Velocity Reviews > Sum of the factorial of the digits of a number - wierd behaviour

# Sum of the factorial of the digits of a number - wierd behaviour

SiWi
Guest
Posts: n/a

 12-09-2009
Dear python community,
I've got a wierd problem and I hope you can help me out at it.
I wrote the following code to find the Sum of the factorial of the
digits of a number (this is for Project Euler 74):

def fac(n):
x=1
for i in range(2,n+1):
x*=i
return x

t=tuple(fac(n) for n in range(1,10))

def decimals(x):
i=1
d=[]
while x>0:
d.append(x%10)
x=x/10
return d

def sumfac(x):
return sum(t[n-1] for n in decimals(x))

The problem is that i get the following results, for which I can't see
any reason:
sumfac(145)->145 (1!+4!+5!=1 + 24 +120 = 145) - ok
sumfac(1454)-> 169 - ok
sumfac(45362) -> 872 - ok
sumfac(363600) -> 727212 - wrong, should be1454

Greetings,
SiWi.

SiWi
Guest
Posts: n/a

 12-09-2009
On Dec 9, 6:36*pm, SiWi <(E-Mail Removed)> wrote:
> Dear python community,
> I've got a wierd problem and I hope you can help me out at it.
> I wrote the following code to find the Sum of the factorial of the
> digits of a number (this is for Project Euler 74):
>
> def fac(n):
> * * x=1
> * * for i in range(2,n+1):
> * * * * x*=i
> * * return x
>
> t=tuple(fac(n) for n in range(1,10))
>
> def decimals(x):
> * * i=1
> * * d=[]
> * * while x>0:
> * * * * d.append(x%10)
> * * * * x=x/10
> * * return d
>
> def sumfac(x):
> * * return sum(t[n-1] for n in decimals(x))
>
> The problem is that i get the following results, for which I can't see
> any reason:
> sumfac(145)->145 (1!+4!+5!=1 + 24 +120 = 145) - ok
> sumfac(1454)-> 169 - ok
> sumfac(45362) -> 872 - ok
> sumfac(363600) -> 727212 - wrong, should be1454
>
> Greetings,
> SiWi.

Oops, found it myself. You can ignote the message above.

Jon Clements
Guest
Posts: n/a

 12-09-2009
Even though you've worked it out -- a couple of tips:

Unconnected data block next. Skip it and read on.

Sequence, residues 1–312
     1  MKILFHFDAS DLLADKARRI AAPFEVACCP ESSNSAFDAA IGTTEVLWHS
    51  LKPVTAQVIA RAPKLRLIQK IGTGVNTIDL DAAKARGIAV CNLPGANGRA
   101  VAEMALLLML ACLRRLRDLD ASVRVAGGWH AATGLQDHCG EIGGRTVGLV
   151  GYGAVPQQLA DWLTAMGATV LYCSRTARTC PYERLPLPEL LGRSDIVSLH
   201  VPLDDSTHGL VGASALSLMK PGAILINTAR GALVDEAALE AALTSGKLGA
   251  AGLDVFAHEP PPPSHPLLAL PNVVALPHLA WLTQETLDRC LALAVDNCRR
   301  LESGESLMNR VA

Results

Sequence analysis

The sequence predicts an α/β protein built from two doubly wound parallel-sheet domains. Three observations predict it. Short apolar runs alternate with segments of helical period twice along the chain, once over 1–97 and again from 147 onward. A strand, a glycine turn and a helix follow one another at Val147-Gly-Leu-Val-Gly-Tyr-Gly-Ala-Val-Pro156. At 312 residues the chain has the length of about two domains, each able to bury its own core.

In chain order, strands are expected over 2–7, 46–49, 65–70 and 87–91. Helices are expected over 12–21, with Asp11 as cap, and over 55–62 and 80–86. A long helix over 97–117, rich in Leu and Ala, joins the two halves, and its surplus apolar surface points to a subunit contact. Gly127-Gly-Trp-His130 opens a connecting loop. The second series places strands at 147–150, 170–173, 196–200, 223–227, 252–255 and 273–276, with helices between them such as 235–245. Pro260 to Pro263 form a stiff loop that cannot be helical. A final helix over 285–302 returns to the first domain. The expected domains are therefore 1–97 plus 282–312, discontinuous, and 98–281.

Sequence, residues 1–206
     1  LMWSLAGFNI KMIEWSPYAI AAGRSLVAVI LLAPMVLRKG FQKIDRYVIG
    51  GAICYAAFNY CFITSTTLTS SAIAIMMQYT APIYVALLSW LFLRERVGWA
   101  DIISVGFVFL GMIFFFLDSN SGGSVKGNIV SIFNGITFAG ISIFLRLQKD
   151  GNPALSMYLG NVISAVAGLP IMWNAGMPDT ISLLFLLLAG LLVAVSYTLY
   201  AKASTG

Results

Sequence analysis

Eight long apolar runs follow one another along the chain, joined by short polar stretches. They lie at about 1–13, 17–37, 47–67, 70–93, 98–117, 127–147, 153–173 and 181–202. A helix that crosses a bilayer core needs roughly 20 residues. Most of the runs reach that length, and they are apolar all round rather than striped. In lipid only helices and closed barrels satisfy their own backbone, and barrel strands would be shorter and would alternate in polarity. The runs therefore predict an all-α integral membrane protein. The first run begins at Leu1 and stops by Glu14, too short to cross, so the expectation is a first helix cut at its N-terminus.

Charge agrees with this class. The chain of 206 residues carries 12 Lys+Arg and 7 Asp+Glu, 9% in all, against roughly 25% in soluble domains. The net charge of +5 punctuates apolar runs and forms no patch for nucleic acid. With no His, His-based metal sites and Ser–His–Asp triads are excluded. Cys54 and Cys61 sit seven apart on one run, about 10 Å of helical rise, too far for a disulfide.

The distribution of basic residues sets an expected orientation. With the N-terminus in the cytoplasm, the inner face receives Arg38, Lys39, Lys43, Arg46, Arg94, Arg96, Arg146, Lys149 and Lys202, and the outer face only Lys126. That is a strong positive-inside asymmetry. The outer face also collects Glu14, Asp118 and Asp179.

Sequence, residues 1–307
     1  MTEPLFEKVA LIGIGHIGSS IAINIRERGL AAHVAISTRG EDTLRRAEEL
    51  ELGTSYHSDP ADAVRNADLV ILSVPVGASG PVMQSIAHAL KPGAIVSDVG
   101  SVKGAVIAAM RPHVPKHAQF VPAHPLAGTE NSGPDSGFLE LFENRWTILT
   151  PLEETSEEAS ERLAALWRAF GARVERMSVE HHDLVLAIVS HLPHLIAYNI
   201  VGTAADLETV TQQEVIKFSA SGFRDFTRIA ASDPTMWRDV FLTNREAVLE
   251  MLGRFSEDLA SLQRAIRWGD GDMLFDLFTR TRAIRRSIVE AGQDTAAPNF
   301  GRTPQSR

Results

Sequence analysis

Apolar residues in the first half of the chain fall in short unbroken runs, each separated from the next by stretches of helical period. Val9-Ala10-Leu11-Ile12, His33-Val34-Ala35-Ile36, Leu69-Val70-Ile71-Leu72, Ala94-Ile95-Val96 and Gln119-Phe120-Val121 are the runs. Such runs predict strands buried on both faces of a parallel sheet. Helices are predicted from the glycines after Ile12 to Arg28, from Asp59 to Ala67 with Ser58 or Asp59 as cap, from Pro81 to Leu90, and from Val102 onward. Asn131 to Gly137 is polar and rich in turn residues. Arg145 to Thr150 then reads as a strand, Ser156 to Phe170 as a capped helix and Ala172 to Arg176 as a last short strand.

On Dec 9, 5:39*pm, SiWi <(E-Mail Removed)> wrote:
> On Dec 9, 6:36*pm, SiWi <(E-Mail Removed)> wrote:
>
>
>
> > Dear python community,
> > I've got a wierd problem and I hope you can help me out at it.
> > I wrote the following code to find the Sum of the factorial of the
> > digits of a number (this is for Project Euler 74):

>
> > def fac(n):
> > * * x=1
> > * * for i in range(2,n+1):
> > * * * * x*=i
> > * * return x

>

numpy/scipy etc... are quite useful for Euler

They contain a function to do factorials (and loads more).

This to one of the readable uses of 'reduce':
def fac(n):
reduce(operator.mul, xrange(2, n+1), n)

> > t=tuple(fac(n) for n in range(1,10))

>
> > def decimals(x):
> > * * i=1
> > * * d=[]
> > * * while x>0:
> > * * * * d.append(x%10)
> > * * * * x=x/10
> > * * return d

The builtin str object can take integers and return it as a string.

def decimals(x):
return map(int, str(x))
decimals(145) == [1, 4, 5]

>
> > def sumfac(x):
> > * * return sum(t[n-1] for n in decimals(x))

>

And join the two:
print sum(fac(n) for n in decimals(145))

> > The problem is that i get the following results, for which I can't see
> > any reason:
> > sumfac(145)->145 (1!+4!+5!=1 + 24 +120 = 145) - ok
> > sumfac(1454)-> 169 - ok
> > sumfac(45362) -> 872 - ok
> > sumfac(363600) -> 727212 - wrong, should be1454

>
> > Greetings,
> > SiWi.

>
> Oops, found it myself. You can ignote the message above.

You might also find it useful to write generators (esp. for primes and
factorials).

Cheers,

Jon.

geremy condra
Guest
Posts: n/a

 12-09-2009
> numpy/scipy etc... are quite useful for Euler

I've come to love sympy, personally.

> They contain a function to do factorials (and loads more).

>>> from math import factorial
>>> factorial(5)

120

Geremy Condra